The third test reveals spring probe performance in a Kelvin setup. A device simulator with known resistance is used with a similar test set up to prior tests, with a pneumatic-actuated cylinder instead of a cam for repetitive cycling. This closely emulates the handler environment where actual devices are tested. The device simulator had two pads and a 10mΩ resistor connecting both pads, with two pins per pad. Pins 1 and 2 were connected to pad A and pins 3 and 4 were connected to pad B. One pin was used for forcing current and the other for sensing voltage drop between pads. When applied, current traveled to pad A via pin 1 (force) and returned from pad B via pin 3 (force). A voltmeter was connected between pin 2 (sense) and 4 (sense) to measure the voltage drop precisely. This is a true Kelvin measurement. After the initial data points were collected, the device simulator was cycled to a specific interval count and measurements taken. This was repeated until 250,000 cycles were reached; the data was plotted. The experiment was repeated using five more 10mΩ resistors and plotted in Fig. 3. The measurement was right on at 10mΩ except few data points over 250,000 cycles. This minimal variation could be attributed to measurement accuracy, as well as tolerance of known-good resistor values itself.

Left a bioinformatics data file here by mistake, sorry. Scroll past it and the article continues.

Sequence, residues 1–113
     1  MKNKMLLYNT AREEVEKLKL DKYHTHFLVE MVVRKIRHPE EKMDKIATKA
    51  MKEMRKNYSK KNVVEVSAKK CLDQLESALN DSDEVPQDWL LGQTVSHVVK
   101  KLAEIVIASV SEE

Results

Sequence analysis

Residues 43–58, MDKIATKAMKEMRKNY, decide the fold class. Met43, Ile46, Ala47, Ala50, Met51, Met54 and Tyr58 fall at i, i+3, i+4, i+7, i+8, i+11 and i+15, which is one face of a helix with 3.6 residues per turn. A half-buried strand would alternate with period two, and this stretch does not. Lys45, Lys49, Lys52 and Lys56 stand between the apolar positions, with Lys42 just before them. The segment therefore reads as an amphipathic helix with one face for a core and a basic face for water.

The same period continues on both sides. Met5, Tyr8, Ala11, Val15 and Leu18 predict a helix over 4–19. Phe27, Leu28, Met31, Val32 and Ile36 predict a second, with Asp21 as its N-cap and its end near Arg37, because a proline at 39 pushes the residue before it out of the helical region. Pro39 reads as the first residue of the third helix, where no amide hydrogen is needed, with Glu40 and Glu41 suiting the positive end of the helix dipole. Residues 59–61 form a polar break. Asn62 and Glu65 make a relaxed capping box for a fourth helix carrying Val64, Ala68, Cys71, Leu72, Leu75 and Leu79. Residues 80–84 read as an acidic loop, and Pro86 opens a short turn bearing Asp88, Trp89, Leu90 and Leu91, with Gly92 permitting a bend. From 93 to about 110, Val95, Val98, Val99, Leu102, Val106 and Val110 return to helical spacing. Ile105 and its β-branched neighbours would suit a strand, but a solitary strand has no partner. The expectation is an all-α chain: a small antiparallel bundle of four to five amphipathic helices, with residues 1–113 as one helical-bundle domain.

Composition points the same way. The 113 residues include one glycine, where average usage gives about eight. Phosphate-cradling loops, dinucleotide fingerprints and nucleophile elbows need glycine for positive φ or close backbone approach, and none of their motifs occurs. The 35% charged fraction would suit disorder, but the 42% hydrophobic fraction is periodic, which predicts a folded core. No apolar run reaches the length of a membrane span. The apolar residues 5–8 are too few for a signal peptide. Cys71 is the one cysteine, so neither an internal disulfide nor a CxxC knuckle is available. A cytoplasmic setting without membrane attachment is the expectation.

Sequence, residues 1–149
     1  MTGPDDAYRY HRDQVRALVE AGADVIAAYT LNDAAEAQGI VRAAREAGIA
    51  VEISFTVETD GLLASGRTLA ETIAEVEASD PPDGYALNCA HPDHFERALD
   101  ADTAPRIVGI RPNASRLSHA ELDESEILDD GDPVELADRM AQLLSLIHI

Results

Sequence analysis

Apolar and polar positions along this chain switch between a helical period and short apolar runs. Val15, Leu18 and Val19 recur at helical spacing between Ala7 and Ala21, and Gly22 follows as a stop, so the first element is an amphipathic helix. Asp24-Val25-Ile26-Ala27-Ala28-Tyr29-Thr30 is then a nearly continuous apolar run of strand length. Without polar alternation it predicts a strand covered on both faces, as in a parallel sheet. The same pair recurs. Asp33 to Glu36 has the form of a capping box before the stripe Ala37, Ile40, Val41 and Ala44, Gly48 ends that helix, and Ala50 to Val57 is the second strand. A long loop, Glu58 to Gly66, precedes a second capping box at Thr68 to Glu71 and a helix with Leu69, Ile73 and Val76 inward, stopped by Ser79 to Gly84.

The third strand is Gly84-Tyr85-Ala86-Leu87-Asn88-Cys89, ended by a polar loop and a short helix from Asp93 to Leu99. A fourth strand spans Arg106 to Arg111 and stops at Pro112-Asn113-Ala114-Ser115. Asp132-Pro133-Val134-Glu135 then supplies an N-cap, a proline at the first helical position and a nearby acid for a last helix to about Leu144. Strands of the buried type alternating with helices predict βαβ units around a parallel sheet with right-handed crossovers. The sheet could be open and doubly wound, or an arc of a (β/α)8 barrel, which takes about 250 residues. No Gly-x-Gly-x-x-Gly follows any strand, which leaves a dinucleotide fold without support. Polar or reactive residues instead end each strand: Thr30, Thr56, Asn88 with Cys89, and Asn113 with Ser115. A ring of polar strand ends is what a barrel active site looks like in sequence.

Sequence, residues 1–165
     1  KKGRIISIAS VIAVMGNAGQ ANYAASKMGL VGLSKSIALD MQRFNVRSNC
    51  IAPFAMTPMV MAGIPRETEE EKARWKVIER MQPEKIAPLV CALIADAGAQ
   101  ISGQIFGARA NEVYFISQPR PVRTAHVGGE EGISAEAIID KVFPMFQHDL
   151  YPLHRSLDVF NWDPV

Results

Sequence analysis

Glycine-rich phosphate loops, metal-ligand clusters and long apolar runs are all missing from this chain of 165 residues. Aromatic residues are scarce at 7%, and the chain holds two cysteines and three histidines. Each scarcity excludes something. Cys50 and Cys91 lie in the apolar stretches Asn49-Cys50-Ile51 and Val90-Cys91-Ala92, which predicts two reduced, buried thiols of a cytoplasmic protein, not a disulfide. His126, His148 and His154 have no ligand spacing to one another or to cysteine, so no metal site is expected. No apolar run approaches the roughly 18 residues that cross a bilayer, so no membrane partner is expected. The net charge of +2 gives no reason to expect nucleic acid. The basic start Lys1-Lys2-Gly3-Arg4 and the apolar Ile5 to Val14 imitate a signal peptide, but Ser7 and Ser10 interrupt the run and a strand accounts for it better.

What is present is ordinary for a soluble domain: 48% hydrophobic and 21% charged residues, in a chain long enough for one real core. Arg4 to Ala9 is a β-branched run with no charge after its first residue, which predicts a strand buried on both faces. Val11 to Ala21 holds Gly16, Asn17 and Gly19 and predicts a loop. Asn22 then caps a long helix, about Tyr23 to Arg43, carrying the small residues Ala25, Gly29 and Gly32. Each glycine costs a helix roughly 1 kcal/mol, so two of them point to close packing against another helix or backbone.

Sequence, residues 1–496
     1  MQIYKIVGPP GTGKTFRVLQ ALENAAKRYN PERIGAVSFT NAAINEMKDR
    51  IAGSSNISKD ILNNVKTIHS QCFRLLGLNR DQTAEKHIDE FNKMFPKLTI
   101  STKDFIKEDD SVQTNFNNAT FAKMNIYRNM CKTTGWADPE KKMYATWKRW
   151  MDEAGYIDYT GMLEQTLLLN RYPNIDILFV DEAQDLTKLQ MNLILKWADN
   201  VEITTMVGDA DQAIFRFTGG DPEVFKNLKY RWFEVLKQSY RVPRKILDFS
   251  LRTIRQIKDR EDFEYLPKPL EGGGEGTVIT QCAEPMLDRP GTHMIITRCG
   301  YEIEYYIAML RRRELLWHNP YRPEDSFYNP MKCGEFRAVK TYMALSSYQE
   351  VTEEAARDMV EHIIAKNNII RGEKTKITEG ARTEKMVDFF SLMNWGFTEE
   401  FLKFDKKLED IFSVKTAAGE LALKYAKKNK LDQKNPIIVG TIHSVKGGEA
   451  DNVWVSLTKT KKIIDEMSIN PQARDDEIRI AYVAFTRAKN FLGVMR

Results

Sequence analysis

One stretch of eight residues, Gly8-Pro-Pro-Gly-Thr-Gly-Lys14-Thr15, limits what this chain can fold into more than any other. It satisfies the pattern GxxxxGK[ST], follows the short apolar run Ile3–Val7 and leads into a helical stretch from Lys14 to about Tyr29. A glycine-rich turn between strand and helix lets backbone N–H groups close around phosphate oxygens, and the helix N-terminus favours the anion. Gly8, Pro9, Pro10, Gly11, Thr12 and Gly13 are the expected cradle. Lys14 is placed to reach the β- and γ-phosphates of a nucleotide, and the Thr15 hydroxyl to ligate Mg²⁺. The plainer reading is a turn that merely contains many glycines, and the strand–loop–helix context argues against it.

IC devices have to be functionally tested by ATE before being sent for field installation. The test socket is the heart of an ATE system. The reliability of test sockets is critical to ship defect-free products. Validating the performance of test sockets gives confidence to engineers testing their end product. Three tests were performed to validate the spring probe’s use in Kelvin applications. Force-deflection-resistance (FDR) testing validated the specification for force and contact resistance at recommended spring probe travel, while cycle testing validated the number cycle up to which the spring probe would perform without degradation. Testing known-good resistors using this spring probe technology in the Kelvin set up provides repeatable measurements with ??1mΩ error over 250,000 cycles, meaning these pins do not have to be replaced. This leads to reduced ATE downtime and increased throughput.
The authors would like to thank Randy Dowell for support in the testing of this contact technology.
Ila Pal, product development manager, holds a M.S. degree in mechanical engineering from Iowa State University, Ames. He holds an M.B.A. degree from the University of St. Thomas, Minneapolis, and is certified on the Six Sigma Black Belt process. He has received six patents, presented many papers, published articles and has spent 15+ years developing new technologies in the packaging and interconnection field. He may be contacted at Antares Advanced Test Technologies, Gilbert, AZ., ph. 480/682-6230; email firstname.lastname@example.org.
Behrouz Sadrabadi, product development engineer, received his M.S. in mechanical engineering from San Jose State University. He has eight years of experience in design, finite element method (FEM), stress and thermal analysis. He may be contacted at Antares Advanced Test Technologies, Gilbert, AZ., ph. 480/682-6215; email: email@example.com.